The Federal Maritime Commission acknowledges China’s objection to P3 Network
At the same time, however, the FMC says future carrier collaborations should not be ruled out
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Having given the P3 Netork its blessing some time ago, The Federal Maritime Commission (FMC) has acknowledged China’s objection to the alliance.
At the same time, however, the FMC says future carrier collaborations should not be ruled out.
“Ocean carrier vessel space alliances offer the potential benefit of cost savings and environmental efficiencies that come from coordinated deployment of newer, larger vessels,” says FMC chairman, Mario Cordero. “The FMC, in evaluating such agreements, will continue to balance those benefits with the potential harm from a concentration of decision-making power in terms of port coverage, sailing schedules, and necessary trade lane capacity.
As reported here last week, the FMC’s Chinese regulatory counterpart, the Ministry of Commerce (MOFCOM), nixed the P3 Network Vessel Sharing Agreement, calling it “uncompetitive.”
The agreement between A. P. Moller-Maersk A/S, CMA CGM S.A., and MSC Mediterranean Shipping Company, S.A. would have authorized the parties to share vessels and engage in related cooperative operating activities in the trades between the U.S. and Asia, North Europe, and the Mediterranean.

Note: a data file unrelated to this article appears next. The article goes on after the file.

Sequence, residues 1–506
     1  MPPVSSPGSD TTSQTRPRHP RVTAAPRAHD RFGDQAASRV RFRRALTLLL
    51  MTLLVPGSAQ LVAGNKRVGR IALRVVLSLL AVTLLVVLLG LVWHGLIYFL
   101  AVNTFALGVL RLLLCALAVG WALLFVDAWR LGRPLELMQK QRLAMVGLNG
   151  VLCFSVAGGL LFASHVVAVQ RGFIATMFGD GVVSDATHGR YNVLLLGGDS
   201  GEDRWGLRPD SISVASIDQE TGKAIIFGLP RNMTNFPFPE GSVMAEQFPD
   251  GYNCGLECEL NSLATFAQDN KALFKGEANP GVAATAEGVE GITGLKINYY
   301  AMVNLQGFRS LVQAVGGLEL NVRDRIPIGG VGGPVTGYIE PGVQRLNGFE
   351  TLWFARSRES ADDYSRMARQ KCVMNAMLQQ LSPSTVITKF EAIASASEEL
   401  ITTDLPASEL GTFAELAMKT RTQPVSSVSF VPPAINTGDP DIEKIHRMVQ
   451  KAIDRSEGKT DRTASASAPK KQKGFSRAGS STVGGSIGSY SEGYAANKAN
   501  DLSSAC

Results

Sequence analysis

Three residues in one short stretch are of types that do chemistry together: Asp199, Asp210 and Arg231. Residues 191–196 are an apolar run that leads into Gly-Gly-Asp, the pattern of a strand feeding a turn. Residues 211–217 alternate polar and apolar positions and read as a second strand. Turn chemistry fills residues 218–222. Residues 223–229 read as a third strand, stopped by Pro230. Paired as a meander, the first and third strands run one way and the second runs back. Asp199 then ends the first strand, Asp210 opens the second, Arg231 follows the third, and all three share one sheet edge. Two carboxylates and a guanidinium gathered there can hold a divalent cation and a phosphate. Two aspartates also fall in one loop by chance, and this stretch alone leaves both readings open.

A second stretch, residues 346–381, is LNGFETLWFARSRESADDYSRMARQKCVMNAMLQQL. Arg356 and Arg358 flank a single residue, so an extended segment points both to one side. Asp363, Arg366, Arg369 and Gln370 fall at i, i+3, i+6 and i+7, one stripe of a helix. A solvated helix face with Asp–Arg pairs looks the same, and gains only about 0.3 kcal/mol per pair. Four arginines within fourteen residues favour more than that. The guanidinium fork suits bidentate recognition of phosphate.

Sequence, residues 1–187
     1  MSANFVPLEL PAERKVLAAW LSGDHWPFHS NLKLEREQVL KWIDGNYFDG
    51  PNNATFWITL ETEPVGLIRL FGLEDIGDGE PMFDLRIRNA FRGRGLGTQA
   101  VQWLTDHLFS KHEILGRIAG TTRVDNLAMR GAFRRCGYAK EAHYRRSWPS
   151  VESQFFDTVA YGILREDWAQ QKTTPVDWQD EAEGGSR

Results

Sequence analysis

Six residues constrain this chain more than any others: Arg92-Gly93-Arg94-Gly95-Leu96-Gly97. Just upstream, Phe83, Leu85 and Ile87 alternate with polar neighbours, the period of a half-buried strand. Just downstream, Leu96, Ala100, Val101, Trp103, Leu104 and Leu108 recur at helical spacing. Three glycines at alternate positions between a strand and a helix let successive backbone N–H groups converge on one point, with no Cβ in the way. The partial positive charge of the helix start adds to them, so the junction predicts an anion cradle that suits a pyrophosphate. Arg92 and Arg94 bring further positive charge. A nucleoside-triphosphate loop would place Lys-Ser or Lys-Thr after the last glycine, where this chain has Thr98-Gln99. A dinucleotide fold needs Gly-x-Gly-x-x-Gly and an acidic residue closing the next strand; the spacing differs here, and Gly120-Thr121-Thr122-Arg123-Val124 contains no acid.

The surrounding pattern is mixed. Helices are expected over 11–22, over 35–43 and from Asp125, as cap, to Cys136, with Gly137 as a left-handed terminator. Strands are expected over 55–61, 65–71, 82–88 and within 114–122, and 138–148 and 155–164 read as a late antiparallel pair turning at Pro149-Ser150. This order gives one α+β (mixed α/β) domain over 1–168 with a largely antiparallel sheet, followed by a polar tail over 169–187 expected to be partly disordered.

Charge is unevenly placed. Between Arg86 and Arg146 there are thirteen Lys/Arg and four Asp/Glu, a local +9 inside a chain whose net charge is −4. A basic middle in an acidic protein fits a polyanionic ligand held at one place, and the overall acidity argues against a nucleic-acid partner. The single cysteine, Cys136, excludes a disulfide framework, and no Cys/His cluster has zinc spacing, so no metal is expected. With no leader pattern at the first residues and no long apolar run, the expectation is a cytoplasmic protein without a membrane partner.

In March 2014, the FMC concluded extensive review of the Trans-Pacific and Trans-Atlantic effects of the P3 Agreement and determined that the agreement was not likely at that time, by a reduction in competition, to produce an unreasonable increase in transportation cost or an unreasonable reduction in transportation service under section 6(g) of the Shipping Act.
P3 Agreement parties would have been subject to specifically tailored monitoring reports to ensure compliance with the Shipping Act once the agreement became operational. The Commission’s decision remains in effect absent a withdrawal of the agreement by the parties.
About the AuthorPatrick Burnson, Executive Editor Patrick Burnson is executive editor for Logistics Management and Supply Chain Management Review magazines and web sites. Patrick is a widely-published writer and editor who has spent most of his career covering international trade, global logistics, and supply chain management. He lives and works in San Francisco, providing readers with a Pacific Rim perspective on industry trends and forecasts. You can reach him directly at firstname.lastname@example.org.
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